Our 12 topic Teaching & Learning Programme provides a structure to the project, following the life cycle of our nesting birds, that schools can choose to follow closely or dip in and out of to suit their needs. The resources found below are all linked to the 12 topic programme.
Identify and name a variety of common garden, woodland and wetland birds.
Group and classify garden, woodland, wetland and coastal birds by observable features. Present your results on a diagram. Use a key or other classification symbols to complete this task.
Draw and label the different parts of a bird.
Describe how birds use their bodies and muscles to fly, see, eat and perform other tasks.
Draw the life cycle of a bird. Identify the key stages in the life of a bird from birth to adulthood and old age. Describe how birds use their bodies and muscles to fly, see, eat and perform other tasks.
Identify which plants and trees are situated close to your bird box.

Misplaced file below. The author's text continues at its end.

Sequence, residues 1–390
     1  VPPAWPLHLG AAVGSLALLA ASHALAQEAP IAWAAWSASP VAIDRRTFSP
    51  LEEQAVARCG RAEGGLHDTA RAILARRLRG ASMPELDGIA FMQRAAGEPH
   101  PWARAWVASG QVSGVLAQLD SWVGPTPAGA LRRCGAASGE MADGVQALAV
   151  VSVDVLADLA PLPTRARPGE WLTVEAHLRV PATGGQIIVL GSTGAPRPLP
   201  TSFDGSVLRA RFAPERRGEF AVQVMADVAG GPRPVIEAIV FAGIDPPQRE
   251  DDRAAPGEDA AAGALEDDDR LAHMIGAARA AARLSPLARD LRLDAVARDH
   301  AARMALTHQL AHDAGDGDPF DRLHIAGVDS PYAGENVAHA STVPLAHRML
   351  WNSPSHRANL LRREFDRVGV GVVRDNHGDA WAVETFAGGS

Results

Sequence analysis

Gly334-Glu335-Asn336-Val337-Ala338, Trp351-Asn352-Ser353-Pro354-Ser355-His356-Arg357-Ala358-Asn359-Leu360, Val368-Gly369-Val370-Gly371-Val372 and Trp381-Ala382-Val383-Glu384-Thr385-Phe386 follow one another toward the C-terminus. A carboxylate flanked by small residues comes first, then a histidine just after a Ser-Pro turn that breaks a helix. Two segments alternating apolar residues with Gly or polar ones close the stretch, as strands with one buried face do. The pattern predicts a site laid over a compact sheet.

Which of these are used to provide nesting materials, food and camouflage to the birds in your box?
How many days/weeks do you expect to pass before the eggs in your bird box hatch?
HWhat do the birds that visit your school grounds eat? Are they carnivores, omnivores or herbivores?
What should the birds that visit your school grounds eat to enjoy a balanced nutritional diet?
How do birds receive nutrients and water?
How soon is it before the chicks are ready to leave the nest?
Research and find out how the birds that visit your school grounds and other locations have adapted to their environments.
Map your school grounds to find which parts birds feature. Make a list of possible bird features to add to your school grounds.
When do birds leave the UK to migrate to other parts of the world? Which species in your school ground will stay in the UK during the winter months?